US releases juvenile Guantanamo prisoners

The United States has announced it has released three juvenile "enemy combatants" held at the US military prison camp in Guantanamo Bay, Cuba, and flown them to their home country.

    Imprisonment of the juveniles has drawn major criticism

    The three, ranging from 13 to 15 years old, were the only juveniles among 660 suspected Taliban and al-Qaida fighters being held without charge at the US naval base.
    Detention of the prisoners, especially the youngsters, has drawn major criticism from human rights groups and governments who have urged the United States to file charges against the detainees or release them.

    The Pentagon did not say where the three juveniles were flown, but one US official told Reuters the youngsters were returned to Afghanistan - where they were arrested more than a year ago - to be set free.

    "With the assistance of non-governmental organisations, the juveniles will be resettled in their home country. It is our goal to return them to an environment where they have an opportunity to re-integrate into civil society," the defence department said in a statement.
    It said that senior US officials had decided to free the three because they were no longer a threat to America in the terror war sparked by September 2001 attacks on America.

    Most of the prisoners at Guantanamo were captured in the war in Afghanistan following the attacks that Washington blames on fugitive Usama bin Ladin's al-Qaida network.

    Age 'not a determining factor'

    The release of the three juveniles brought to 91 the number of detainees removed from the US Navy Base prison since the expanded facility was built there after the attacks.

    "Age is not a determining factor in detention. We detain enemy combatants who engaged in armed conflict against our forces or provided support to those fighting against us"

    The Pentagon

    Four of those were returned to Saudi Arabia for continued detention and the others to their home countries to be set free.

    "Senior leadership, in consultation with other senior US government officials, determined that the juvenile detainees no longer posed a threat to our nation, that they have no further intelligence value and are not going to be tried by the US government for any crimes," the Pentagon said.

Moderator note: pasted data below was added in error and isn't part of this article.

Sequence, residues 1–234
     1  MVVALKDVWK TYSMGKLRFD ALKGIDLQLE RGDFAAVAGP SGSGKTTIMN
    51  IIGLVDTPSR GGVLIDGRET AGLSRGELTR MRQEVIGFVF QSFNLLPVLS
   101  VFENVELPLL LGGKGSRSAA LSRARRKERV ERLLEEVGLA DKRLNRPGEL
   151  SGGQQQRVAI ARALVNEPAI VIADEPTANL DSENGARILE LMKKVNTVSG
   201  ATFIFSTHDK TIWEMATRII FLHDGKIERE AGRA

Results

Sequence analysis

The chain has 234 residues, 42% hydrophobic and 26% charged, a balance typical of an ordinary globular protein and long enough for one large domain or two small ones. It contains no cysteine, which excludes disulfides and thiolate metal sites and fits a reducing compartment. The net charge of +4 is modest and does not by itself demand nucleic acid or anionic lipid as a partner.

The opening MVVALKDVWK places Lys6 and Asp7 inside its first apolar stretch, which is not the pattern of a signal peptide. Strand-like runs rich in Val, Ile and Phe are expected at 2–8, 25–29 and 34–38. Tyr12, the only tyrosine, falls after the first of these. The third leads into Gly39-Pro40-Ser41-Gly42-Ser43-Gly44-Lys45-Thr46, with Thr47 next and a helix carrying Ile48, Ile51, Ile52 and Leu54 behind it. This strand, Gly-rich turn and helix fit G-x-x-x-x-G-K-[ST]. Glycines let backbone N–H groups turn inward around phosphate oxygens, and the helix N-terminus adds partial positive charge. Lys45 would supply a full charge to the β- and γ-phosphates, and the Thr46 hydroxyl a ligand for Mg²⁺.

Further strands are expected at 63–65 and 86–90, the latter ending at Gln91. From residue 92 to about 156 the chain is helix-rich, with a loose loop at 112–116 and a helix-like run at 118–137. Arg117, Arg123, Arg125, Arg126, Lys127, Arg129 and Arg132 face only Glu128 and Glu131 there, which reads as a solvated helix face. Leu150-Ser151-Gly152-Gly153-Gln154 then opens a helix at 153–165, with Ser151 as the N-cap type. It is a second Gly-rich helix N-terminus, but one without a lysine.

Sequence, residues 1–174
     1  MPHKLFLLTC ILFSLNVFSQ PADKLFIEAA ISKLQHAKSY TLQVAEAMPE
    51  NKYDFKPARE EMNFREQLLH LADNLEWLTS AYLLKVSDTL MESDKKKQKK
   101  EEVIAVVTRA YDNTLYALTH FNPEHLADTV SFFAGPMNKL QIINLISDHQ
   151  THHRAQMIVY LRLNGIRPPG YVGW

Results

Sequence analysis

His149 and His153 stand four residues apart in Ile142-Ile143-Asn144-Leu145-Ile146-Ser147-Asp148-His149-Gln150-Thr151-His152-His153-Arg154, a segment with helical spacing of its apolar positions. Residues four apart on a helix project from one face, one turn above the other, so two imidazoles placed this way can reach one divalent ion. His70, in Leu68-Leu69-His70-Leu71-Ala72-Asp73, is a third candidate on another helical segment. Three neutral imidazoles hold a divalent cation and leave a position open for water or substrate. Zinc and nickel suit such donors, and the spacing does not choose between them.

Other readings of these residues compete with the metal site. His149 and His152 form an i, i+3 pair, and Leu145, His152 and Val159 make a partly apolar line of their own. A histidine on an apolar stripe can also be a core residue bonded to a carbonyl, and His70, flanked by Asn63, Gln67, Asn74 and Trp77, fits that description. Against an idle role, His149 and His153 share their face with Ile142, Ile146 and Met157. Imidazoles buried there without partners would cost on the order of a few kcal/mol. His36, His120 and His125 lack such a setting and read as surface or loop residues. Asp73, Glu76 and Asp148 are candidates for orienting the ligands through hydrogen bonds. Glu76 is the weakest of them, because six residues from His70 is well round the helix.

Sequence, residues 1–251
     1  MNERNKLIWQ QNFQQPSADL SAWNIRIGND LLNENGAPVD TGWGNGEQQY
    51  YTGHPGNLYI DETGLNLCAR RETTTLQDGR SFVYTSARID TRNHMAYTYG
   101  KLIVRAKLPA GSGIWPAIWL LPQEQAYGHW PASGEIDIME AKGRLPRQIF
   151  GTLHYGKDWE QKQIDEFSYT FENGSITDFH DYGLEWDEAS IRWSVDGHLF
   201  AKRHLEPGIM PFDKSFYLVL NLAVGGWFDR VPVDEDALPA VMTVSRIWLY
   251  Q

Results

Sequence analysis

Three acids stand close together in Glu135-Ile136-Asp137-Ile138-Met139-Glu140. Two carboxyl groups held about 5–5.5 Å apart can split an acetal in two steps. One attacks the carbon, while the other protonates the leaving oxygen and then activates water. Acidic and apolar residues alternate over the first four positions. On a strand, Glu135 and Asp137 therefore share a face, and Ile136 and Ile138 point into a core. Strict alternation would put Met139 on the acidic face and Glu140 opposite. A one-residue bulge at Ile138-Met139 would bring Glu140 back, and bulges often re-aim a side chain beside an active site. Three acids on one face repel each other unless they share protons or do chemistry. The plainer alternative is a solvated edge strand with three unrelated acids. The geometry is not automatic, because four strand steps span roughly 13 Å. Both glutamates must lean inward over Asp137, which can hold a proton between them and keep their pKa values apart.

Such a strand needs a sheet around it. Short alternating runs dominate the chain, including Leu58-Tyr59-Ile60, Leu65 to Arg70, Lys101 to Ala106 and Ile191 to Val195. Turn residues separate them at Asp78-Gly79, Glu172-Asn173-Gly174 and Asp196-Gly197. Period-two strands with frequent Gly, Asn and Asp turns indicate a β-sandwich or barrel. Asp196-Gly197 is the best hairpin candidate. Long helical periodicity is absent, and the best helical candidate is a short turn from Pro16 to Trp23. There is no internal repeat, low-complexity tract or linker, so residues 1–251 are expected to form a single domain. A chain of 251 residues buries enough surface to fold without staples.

"Age is not a determining factor in detention. We detain enemy combatants who engaged in armed conflict against our forces or provided support to those fighting against us."

    Captured during raids

    Two of the three were captured during raids by US and allied forces on Taliban camps and a third was arrested while trying to obtain weapons to fight American troops, the announcement said.

    Protests have been held globally
    for release of detainees 

    Although none of the prisoners has been charged, US defense officials have said that some could soon be charged and tried by military commissions authorised by President George Bush.

    In the face of criticism of the prisoner policy, a senior Pentagon official in the past described the juveniles as enemy combatants who despite their age were "very, very dangerous people" who "have stated they have killed and will kill again."
    The Defence Department said on Thursday that after medical tests determined that all three were under the age of 16, the juveniles had been housed in a separate detention facility "modified to meet the special needs of juveniles" and were given access to the International Red Cross.

    "In this facility, they were not restricted in the same manner as adult detainees and underwent assessments from medical, behavioural, educational, intelligence and detention specialists to address their unique needs," it said.

    SOURCE: Reuters


    Survivor stories from Super Typhoon Haiyan

    Survivor stories from Super Typhoon Haiyan

    The Philippines’ Typhoon Haiyan was the strongest storm ever to make landfall. Five years on, we revisit this story.

    How Moscow lost Riyadh in 1938

    How Moscow lost Riyadh in 1938

    Russian-Saudi relations could be very different today, if Stalin hadn't killed the Soviet ambassador to Saudi Arabia.

    We Are Still Here: A Story from Native Alaska

    We Are Still Here: A Story from Native Alaska

    From Qatar to Alaska, a personal journey exploring what it means to belong when your culture is endangered.